So did you hear the one about the monkey and the crocodile? What about the story of the contended quail? Or the rabbit in the moon? Or the hungry tigress?
These stories are from the Jataka Tales, a large body of stories about the earlier lives of the Buddha. Many are in the form of animal fables that teach something about morality, not unlike Aesop's fables. Many of the stories are charming and light-hearted, and some of these have been published in sweetly illustrated children's books. However, not all of the stories are suitable for children; some are dark and even violent.
Where did the Jatakas originate? The stories come from multiple sources and have a multitude of authors. Like other Buddhist literature, the many stories can be divided into "Theravada" and "Mahayana" canons.
The Theravada Jataka Tales
The oldest and largest collection of Jataka Tales is in the Pali Canon. They are found in the Sutta-pitaka ("basket of sutras") part of the canon, in a section called the Khuddaka Nikaya, and they are presented there as the record of the Buddha's past lives. Some alternative versions of the same stories are scattered about in other parts of the Pali Canon.
The Khuddaka Nikaya contains 547 verses arranged in order of length, shortest to longest. The stories are found in commentaries to the verses. The "final" collection as we know it today was compiled about 500 CE, somewhere in southeast Asia, by unknown editors.
The overall purpose of the Pali Jatakas is to show how the Buddha lived many lives with the goal of realizing enlightenment. The Buddha was born and reborn in the forms of humans, animals, and superhuman beings, but always he made a great effort to reach his goal.
Many of these poems and stories come from much older sources. Some of the stories are adapted from a Hindu text, Panchatantra Tales, written by Pandit Vishu Sharma around 200 BCE. And it is probable many of the other stories are based on folk tales and other oral traditions that have otherwise been lost."
Storyteller Rafe Martin, who has published several books of Jataka Tales, wrote, "Formed of fragments of epics and hero tales arising from deep in the collective Indian past, this already ancient material was taken over and revised, reworked, and reused by later Buddhist storytellers for their own purposes" (Martin, The Hungry Tigress: Buddhist Myths, Legends, and Jataka Tales, p. xvii).
The Mahayana Jataka Tales
What some call the Mahayana Jataka stories are also called the "apocryphal" Jatakas, indicating they come from unknown origins outside the standard collection (the Pali Canon). These stories, usually in Sanskrit, were written over the centuries by many authors.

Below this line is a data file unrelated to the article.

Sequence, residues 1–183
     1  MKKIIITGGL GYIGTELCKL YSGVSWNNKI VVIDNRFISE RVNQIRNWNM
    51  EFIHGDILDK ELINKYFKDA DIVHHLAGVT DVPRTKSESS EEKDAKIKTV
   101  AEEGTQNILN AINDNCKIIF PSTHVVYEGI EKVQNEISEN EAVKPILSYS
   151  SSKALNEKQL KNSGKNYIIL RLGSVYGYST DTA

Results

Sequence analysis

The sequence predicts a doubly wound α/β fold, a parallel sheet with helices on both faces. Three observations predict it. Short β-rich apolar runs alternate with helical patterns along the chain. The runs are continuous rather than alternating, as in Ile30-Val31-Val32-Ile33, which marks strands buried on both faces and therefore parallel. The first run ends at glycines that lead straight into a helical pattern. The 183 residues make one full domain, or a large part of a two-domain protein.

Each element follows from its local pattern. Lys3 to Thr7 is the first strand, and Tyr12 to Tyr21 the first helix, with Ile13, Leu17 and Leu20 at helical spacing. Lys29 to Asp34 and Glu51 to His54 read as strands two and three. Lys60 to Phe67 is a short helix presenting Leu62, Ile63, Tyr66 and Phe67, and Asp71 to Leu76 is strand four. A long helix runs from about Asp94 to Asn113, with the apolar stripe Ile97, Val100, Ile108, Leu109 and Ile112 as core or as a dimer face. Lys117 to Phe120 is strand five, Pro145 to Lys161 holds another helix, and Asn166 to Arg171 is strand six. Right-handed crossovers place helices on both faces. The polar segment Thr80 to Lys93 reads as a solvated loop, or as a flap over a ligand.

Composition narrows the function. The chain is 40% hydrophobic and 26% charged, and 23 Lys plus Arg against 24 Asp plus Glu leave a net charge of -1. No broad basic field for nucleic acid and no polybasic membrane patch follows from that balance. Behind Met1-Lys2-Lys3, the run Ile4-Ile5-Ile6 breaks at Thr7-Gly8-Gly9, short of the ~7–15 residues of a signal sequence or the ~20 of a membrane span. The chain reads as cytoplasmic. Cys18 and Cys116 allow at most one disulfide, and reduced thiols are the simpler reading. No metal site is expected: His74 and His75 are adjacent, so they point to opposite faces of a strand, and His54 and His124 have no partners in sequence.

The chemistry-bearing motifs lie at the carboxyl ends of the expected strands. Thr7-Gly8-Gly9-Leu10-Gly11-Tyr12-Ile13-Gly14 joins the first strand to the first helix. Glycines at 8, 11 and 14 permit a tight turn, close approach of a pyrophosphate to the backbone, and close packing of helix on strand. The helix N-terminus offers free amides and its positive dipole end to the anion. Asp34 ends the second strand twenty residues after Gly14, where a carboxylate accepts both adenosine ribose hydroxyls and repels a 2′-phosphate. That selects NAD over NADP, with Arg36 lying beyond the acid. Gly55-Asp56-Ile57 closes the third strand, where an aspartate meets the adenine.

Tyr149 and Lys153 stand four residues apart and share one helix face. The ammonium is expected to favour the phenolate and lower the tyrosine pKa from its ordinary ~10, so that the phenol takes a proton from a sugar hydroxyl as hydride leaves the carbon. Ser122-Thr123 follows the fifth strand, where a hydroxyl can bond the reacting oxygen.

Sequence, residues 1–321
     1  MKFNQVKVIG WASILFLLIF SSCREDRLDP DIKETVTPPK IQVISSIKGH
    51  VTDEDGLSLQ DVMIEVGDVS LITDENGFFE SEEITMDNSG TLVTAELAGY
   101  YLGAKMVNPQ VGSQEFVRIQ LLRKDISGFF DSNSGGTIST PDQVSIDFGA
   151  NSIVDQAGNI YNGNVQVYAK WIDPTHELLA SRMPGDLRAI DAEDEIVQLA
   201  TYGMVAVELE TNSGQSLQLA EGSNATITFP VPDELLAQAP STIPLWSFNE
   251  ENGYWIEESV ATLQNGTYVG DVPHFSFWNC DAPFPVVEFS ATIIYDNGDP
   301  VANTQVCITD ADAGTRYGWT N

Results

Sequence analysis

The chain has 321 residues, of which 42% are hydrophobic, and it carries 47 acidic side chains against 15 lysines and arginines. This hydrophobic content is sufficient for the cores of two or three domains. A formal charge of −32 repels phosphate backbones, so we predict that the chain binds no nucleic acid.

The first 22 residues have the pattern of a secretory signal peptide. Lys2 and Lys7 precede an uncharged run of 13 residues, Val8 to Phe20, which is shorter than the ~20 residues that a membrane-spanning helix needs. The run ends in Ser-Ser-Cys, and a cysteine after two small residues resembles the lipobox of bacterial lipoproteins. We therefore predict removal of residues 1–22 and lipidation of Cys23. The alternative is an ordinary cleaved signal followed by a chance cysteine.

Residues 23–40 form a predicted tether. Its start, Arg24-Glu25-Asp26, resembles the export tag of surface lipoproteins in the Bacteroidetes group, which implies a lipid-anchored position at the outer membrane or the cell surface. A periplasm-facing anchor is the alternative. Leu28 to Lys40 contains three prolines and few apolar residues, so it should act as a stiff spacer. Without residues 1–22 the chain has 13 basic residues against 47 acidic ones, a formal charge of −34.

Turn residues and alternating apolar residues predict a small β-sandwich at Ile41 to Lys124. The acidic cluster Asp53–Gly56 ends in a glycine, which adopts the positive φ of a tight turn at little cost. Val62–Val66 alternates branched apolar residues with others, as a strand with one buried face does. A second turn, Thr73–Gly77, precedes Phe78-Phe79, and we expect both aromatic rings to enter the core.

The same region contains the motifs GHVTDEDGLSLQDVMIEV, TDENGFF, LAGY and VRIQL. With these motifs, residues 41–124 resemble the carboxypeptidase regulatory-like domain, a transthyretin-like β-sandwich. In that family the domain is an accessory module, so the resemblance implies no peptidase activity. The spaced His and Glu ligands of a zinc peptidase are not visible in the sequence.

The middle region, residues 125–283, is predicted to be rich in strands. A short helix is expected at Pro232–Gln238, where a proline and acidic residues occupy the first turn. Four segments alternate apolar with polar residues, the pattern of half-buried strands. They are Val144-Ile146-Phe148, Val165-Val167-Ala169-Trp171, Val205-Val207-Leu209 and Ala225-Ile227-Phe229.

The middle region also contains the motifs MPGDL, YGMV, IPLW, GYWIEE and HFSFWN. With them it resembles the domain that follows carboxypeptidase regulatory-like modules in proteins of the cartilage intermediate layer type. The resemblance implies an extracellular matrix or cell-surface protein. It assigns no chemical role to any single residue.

One of the best known collections of these "apocryphal" works does have a known origin. The Jatakamala ("garland of Jatakas"; also called the Bodhisattvavadanamala) probably was composed in the 3rd or 4th century CE. The Jatakamala contains 34 Jatakas written by Arya Sura (sometimes spelled Aryasura). The stories in the Jatakamala focus on the perfections, especially those of generosity, morality, and patience.
Although he is remembered as a skillful and elegant writer, little is known about Arya Sura. One old text preserved at the University of Tokyo says he was the son of a king who renounced his inheritance to become a monk, but whether that is true or a fanciful invention no one can say.
The Jataka Tales in Practice and Literature
Through the centuries these stories have been much more than fairy tales. They were, and are, taken very seriously for their moral and spiritual teachings. Like all great myths, the stories are as much about ourselves as they are about the Buddha. As Joseph Campbell said, "Shakespeare said that art is a mirror held up to nature. And that's what it is. The nature is your nature, and all of these wonderful poetic images of mythology are referring to something in you." ["Joseph Campbell: The Power of Myth, with Bill Moyers,"PBS ]
The Jataka Tales are portrayed in dramas and dance. The Ajanta Cave paintings of Maharashtra, India (ca. 6th century CE) portray Jataka Tales in narrative order, so that people walking through the caves would learn the stories.
Jatakas in World Literature
Many of the Jatakas bear a striking resemblance to stories long familiar in the West. For example, the story of Chicken Little -- the frightened chicken who thought the sky was falling -- is essentially the same story as one of the Pali Jatakas (Jataka 322), in which a frightened monkey thought the sky was falling. As the forest animals scatter in terror, a wise lion discerns the truth and restores order.
The famous fable about the goose that laid golden eggs is eerily similar to Pali Jataka 136, in which a deceased man was reborn as a goose with gold feathers. He went to his former home to wind his wife and children from his past life. The goose told the family they could pluck one gold feather a day, and the gold provided well for the family. But the wife became greedy and plucked all the feathers out. When the feathers grew back, they were ordinary goose feathers,Â and the goose flew away.
It is unlikely Aesop and other early storytellers had copies of the Jatakas handy. And it's unlikely that the monks and scholars who compiled the Pali Canon more than 2,000 years ago ever heard of Aesop. Perhaps the stories were spread by ancient travelers. Perhaps they were built from fragments of the first human stories, told by our paleolithic ancestors.
Read More -- Three Jataka Tales: